New Lesson Plan: Texas in Transition - Social, Political, and Economic Issues in 1920s Texas
The 1920s was a period of rapid development and urbanization in Texas. With the rise of industrial-scale agriculture and ranching alongside a dramatic increase in oil production, Texas became a part of a booming national and international economy. Wealth and Texas’ role in global trade soon led to growth in urban areas, as workers moved to the centers of distribution, and well-off Texans sought the culture and services available in cities. Immigration surged at this time as well, not just in Texas, but across the nation as foreign laborers and their families moved to the state seeking new opportunities.
This economy linked states and countries even closer than before, and it was the inter-dependencies of Texas to the world and nation around it that made local issues part of a national conversation. Likewise, political and social issues of national concern impacted people across the state of Texas.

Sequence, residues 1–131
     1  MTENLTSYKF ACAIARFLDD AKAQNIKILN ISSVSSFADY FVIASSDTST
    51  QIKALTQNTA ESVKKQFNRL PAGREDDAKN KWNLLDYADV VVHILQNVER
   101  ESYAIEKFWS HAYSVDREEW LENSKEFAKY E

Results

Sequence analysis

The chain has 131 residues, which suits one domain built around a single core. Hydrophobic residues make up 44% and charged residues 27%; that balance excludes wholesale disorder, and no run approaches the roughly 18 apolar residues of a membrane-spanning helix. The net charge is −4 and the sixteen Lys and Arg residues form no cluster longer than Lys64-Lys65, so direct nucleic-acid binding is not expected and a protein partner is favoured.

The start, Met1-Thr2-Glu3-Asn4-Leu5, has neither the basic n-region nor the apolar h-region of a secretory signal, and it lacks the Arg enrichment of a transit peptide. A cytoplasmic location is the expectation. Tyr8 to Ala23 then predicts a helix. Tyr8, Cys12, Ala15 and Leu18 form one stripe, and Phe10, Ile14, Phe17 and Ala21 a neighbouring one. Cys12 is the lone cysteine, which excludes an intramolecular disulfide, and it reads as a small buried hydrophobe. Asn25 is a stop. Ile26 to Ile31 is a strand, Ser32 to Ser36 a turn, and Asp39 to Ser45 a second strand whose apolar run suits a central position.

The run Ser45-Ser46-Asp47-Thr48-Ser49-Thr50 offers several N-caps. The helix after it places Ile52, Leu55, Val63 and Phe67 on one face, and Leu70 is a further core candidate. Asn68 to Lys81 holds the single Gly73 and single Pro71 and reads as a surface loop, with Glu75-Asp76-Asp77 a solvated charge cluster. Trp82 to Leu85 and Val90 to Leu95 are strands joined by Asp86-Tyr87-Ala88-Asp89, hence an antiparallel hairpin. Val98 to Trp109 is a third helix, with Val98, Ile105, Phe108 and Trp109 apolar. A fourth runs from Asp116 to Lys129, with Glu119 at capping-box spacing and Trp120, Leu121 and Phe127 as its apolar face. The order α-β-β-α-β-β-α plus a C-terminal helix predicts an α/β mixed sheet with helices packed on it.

In this lesson plan, students examine the culture and politics in 1920s Texas and the nation. Some of the same issues that made headlines in the 1920s are issues that our state and nation are still struggling with to this day. Subjects like civil rights, immigration, the role of women in politics, the use of natural resources, and enforcing a national moral standard were on the forefront in the 1920s. This lesson will ask students to use primary and secondary source materials such as home movies and promotional films from the era, in addition to their textbooks, to illustrate the lives and concerns of Texans in the 1920s. A reference section that provides resources for additional research is included.